I always, always set a timer when I leave food on the counter to cool. I have learned the hard way that if I don’t do this, I will forget about it, and it will sit on the counter overnight to rot. Don’t be me! Set a timer! Note: the longest that food can sit out is FOUR HOURS. After that, it will grow the kind of bacteria that gives you food poisoning.

We froze the lasagna and casserole in disposable foil 9×13 pans, and the meat in gallon freezer bags. For the casseroles: label them clearly with Sharpie, and make sure that you add the baking instructions. You can thaw them in the fridge overnight and bake them according to the recipe, or just add 45 minutes or so and bake them from frozen. Make sure you test the center before serving if you bake from frozen! It should be warm and the edges should be bubbly. 

Ok, one million words later, I think that’s it! I’d love to do more of these freezer prep posts if you guys dig this one. Let me know 🙂

And feel free to ask questions! I’m always available on Instagram, or you can leave a comment here.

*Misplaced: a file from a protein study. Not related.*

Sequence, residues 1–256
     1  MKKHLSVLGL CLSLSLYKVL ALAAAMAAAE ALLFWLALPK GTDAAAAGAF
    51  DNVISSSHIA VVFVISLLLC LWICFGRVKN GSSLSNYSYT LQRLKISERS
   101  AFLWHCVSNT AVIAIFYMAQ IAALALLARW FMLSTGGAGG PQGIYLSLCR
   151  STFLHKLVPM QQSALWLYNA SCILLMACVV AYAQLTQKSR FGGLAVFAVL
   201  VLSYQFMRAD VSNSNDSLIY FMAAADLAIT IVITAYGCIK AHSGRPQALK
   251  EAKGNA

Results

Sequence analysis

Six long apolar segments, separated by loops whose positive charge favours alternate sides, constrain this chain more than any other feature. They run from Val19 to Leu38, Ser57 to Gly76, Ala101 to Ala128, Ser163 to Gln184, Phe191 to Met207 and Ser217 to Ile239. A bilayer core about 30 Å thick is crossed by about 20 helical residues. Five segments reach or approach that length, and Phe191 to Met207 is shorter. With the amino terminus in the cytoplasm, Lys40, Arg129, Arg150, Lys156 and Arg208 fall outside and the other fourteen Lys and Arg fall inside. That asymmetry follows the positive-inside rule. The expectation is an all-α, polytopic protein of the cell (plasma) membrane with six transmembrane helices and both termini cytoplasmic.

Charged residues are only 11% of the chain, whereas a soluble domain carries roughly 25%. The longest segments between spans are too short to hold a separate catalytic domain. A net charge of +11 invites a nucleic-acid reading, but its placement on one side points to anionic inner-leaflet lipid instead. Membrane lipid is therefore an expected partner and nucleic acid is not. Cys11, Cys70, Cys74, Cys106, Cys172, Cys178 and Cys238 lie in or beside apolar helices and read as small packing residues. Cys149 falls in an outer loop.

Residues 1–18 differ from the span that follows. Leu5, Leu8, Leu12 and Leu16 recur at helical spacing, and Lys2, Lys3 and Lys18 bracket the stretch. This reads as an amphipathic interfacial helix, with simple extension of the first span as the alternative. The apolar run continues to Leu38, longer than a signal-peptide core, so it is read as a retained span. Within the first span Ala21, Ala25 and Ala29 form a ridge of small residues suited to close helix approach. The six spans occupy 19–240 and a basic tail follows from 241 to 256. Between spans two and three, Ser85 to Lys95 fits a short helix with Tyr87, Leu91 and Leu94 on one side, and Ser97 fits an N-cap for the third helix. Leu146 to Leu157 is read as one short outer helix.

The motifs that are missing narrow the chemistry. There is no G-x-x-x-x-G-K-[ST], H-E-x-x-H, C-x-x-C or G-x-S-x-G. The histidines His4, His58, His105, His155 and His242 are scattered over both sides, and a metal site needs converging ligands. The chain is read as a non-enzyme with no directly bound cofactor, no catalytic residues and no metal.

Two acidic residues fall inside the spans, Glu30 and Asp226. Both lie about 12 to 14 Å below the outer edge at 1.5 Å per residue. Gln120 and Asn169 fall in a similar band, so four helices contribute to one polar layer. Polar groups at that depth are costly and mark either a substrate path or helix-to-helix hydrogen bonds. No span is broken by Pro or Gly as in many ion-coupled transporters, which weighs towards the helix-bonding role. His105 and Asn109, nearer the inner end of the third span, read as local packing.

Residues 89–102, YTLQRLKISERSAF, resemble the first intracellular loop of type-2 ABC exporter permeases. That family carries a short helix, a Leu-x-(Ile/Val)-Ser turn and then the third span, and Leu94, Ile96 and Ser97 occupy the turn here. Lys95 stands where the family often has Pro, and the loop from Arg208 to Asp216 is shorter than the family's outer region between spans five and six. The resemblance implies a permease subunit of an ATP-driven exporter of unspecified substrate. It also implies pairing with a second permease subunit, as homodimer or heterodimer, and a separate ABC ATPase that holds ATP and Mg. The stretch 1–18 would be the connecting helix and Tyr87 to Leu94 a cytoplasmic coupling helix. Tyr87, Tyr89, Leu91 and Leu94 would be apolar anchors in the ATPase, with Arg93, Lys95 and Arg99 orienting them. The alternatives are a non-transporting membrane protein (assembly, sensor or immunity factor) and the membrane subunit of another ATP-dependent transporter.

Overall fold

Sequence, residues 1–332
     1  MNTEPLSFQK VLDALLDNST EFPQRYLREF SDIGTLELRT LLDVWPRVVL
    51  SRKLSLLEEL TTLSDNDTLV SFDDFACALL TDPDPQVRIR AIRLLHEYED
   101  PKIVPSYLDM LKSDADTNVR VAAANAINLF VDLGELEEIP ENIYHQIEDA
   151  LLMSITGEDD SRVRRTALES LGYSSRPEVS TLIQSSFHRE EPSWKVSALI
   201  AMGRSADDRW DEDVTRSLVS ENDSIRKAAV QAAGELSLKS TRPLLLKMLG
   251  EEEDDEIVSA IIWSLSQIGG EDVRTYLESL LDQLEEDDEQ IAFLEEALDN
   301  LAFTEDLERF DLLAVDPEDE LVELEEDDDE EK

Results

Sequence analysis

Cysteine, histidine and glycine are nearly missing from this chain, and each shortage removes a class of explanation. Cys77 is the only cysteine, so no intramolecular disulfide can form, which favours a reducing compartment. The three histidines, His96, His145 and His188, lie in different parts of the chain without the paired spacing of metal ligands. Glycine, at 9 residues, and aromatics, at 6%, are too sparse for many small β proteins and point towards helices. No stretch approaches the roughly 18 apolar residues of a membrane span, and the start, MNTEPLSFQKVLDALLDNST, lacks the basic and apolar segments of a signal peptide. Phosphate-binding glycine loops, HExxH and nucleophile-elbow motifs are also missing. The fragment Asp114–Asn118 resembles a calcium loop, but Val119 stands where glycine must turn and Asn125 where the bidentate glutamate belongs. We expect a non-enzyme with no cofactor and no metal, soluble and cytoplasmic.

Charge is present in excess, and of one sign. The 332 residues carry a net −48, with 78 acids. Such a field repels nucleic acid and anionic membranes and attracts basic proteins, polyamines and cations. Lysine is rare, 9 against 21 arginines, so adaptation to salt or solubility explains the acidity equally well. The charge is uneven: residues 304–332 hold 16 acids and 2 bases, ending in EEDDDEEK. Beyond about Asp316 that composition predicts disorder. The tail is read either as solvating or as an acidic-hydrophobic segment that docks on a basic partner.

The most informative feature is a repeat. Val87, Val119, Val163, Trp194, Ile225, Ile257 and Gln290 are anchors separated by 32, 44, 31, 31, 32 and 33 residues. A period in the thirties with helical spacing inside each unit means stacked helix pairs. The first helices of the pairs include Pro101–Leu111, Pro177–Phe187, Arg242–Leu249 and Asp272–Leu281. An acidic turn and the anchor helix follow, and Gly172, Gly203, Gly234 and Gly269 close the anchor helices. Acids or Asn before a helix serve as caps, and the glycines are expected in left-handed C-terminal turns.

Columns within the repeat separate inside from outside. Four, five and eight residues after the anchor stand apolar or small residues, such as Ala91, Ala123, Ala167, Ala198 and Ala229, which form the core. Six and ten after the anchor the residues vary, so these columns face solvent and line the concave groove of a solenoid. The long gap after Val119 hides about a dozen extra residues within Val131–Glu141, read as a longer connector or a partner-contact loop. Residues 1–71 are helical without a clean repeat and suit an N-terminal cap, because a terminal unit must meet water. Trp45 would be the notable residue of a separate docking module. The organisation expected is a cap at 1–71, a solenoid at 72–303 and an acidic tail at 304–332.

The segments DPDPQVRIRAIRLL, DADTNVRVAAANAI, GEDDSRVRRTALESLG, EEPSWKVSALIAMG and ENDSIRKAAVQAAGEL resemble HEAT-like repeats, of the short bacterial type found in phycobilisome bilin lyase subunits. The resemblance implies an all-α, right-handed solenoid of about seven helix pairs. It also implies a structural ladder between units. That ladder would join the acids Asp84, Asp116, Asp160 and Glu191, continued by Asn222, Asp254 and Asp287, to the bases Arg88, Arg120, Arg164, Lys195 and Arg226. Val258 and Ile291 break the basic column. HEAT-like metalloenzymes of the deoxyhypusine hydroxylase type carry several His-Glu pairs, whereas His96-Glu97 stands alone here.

What are your tips for freezer cooking?

2018 Intention Check-in: PANTRY COOKING

I’m checking in on the progress of my 2018 intentions. Read all about my fruitful year here.

When I first started planning meals for my little family, Pinterest was making its debut. I was in college, I had a lot of free time (sigh. Remember that?), and I would watch endless hours of television while pinning recipes and cute sweaters and inspirational quotes. Grant and I both lived in small apartments, and neither of us really made the most of our limited pantry space. So, on the weekends, I would shop for basically all of the ingredients to make several recipes that sounded good from my Pinterest boards.

I was still learning, obviously, but it is so cringeworthy to think about how much money I wasted (and the FOOD WASTE! 😢). And, until recently, I was still planning meals in much the same way. Sure, I had more pantry space, and I keep a lot more staple ingredients on-hand. But my grocery cart was always overflowing with new things to try and full ingredient lists for new recipes.